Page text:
Russian Space Station: Roscosmos Approves Design For Orbital Station As ISS Collaboration Nears End

Roscosmos, Russia’s state corporation responsible for space activities, has given the green light to the preliminary design of the country’s future space station paving the way to fulfill the country’s space ambitions. 

The design milestone for the future space station, achieved nearly a year after the first version of the design was completed, represents a crucial advancement in Russia’s plans for space exploration. 

State-owned media agency TASS, citing the official statement released by Roscosmos, confirmed the approval of the preliminary design, signaling the commencement of the next phase in the development of the Russian Orbital Station (ROS). 

Roscosmos, along with its main contractors, is now in the process of finalizing government contracts for the construction of the station. 

The pathway to securing this approval can be traced back to July 2023, when the first version of the design was completed. Subsequently, it underwent rigorous scrutiny and refinement by various scientific organizations, including the TSNIImash research institute, Tekhnomash, and the research and testing center of the space rocket industry (NITs RKP). 

Artist’s conception of the planned Russian Orbital Space Station. (Image credit: Roscosmos)

After months of meticulous assessment, the design was honed to its current state, ready to pave the way for Russia’s future space station. 

In its latest statement, Roscosmos reiterated that the proposed station would serve as the cornerstone of Russia’s national space program once the International Space Station (ISS) reaches the end of its operational lifespan. 

In August 2022, Roscosmos unveiled a model of the space station, named “Ross” by Russian state media, for the first time at a military-industrial exhibition near Moscow. As previously reported, the station is scheduled for deployment between 2027 and 2032. 

The choice to construct its space station originates from Russia’s desire to reduce dependency on Western nations following the imposition of sanctions after the invasion of Ukraine. 

The move reflects Russia’s aim to pursue space initiatives independently or in partnership with countries such as China and Iran. 

In July 2022, the Russian space agency announced its intentions to withdraw from the International Space Station “after 2024,” which many interpreted as an immediate departure.

However, the Russian government later declared its agreement to extend participation in the ISS until at least 2028, becoming the final partner to consent to prolong the station’s operations. 

Characteristics Of Russia’s Future Space Station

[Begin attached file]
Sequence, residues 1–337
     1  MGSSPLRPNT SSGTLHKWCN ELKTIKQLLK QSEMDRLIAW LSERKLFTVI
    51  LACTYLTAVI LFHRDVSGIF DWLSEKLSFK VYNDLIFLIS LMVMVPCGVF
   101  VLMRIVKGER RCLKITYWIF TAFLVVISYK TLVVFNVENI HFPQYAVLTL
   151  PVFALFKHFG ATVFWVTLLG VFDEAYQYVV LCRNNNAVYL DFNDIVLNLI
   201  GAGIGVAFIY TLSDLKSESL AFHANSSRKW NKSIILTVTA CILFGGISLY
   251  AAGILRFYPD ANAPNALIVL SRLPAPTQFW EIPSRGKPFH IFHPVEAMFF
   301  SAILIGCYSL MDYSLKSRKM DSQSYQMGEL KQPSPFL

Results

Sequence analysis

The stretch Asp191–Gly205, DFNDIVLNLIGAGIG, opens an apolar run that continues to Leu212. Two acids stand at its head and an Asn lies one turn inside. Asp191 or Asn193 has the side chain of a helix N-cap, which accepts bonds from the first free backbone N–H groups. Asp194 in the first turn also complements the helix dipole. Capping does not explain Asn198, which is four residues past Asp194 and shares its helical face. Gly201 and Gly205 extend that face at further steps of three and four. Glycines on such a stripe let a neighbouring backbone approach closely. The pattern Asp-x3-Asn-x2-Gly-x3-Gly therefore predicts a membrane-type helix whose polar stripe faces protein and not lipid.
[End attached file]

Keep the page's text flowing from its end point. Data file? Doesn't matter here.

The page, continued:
Russia’s future space station will orbit the Earth in a polar trajectory with an inclination of up to 97 degrees. This positioning will provide extensive coverage of the Earth’s surface, including the vital Northern Sea Route. 

In contrast, the current International Space Station offers visibility of approximately 60% of the Earth’s surface, with only a fraction falling within Russian territory. The polar orbit of the ROS guarantees stable communication with mission control — a critical aspect of space missions.

Among the ROS’s notable features are its powerful power-generating units, which will facilitate extensive testing and refinement of essential equipment, radars, and high-power antenna systems. 

The station’s power will be generated, in part, by gyroscopic systems, enabling it to maintain its orbit without relying on engines and resulting in significant fuel savings.

Roscosmos outlined the phased deployment of the ROS, starting with the launch of the research, power supply, and airlock modules, followed by the base module responsible for control functions. 

Scale model of Russia’s proposed space station.

Subsequent add-on modules will be incorporated into the station over time, ensuring its continuous evolution and adaptability to future space missions.

Importantly, unlike its predecessor, the ISS, the station will be capable of autonomous operation without the need for a crew onboard, highlighting its resilience and independence in space exploration efforts. 

As Russia continues to pursue its ambitious plans for space exploration, the approval of the ROS’s preliminary design signifies a significant milestone, paving the way for the nation’s sustained involvement in space exploration for decades to come.

In October last year, Roscosmos CEO Yuri Borisov disclosed that the project’s costs were estimated at 609 billion rubles (approximately $6.6 billion at the current exchange rate) until 2032, with 150 billion rubles earmarked for the initial three years.

The project remains open to international collaboration, with invitations extended to African and BRICS countries to participate.

Nevertheless, amidst the ongoing conflict in Ukraine, concerns persist regarding the continued funding required for building and deploying the space station. Russia faces a substantial revenue decline due to a significant decrease in satellite launch orders—approximately 90%—from Europe and other regions, posing challenges to the project’s financial sustainability.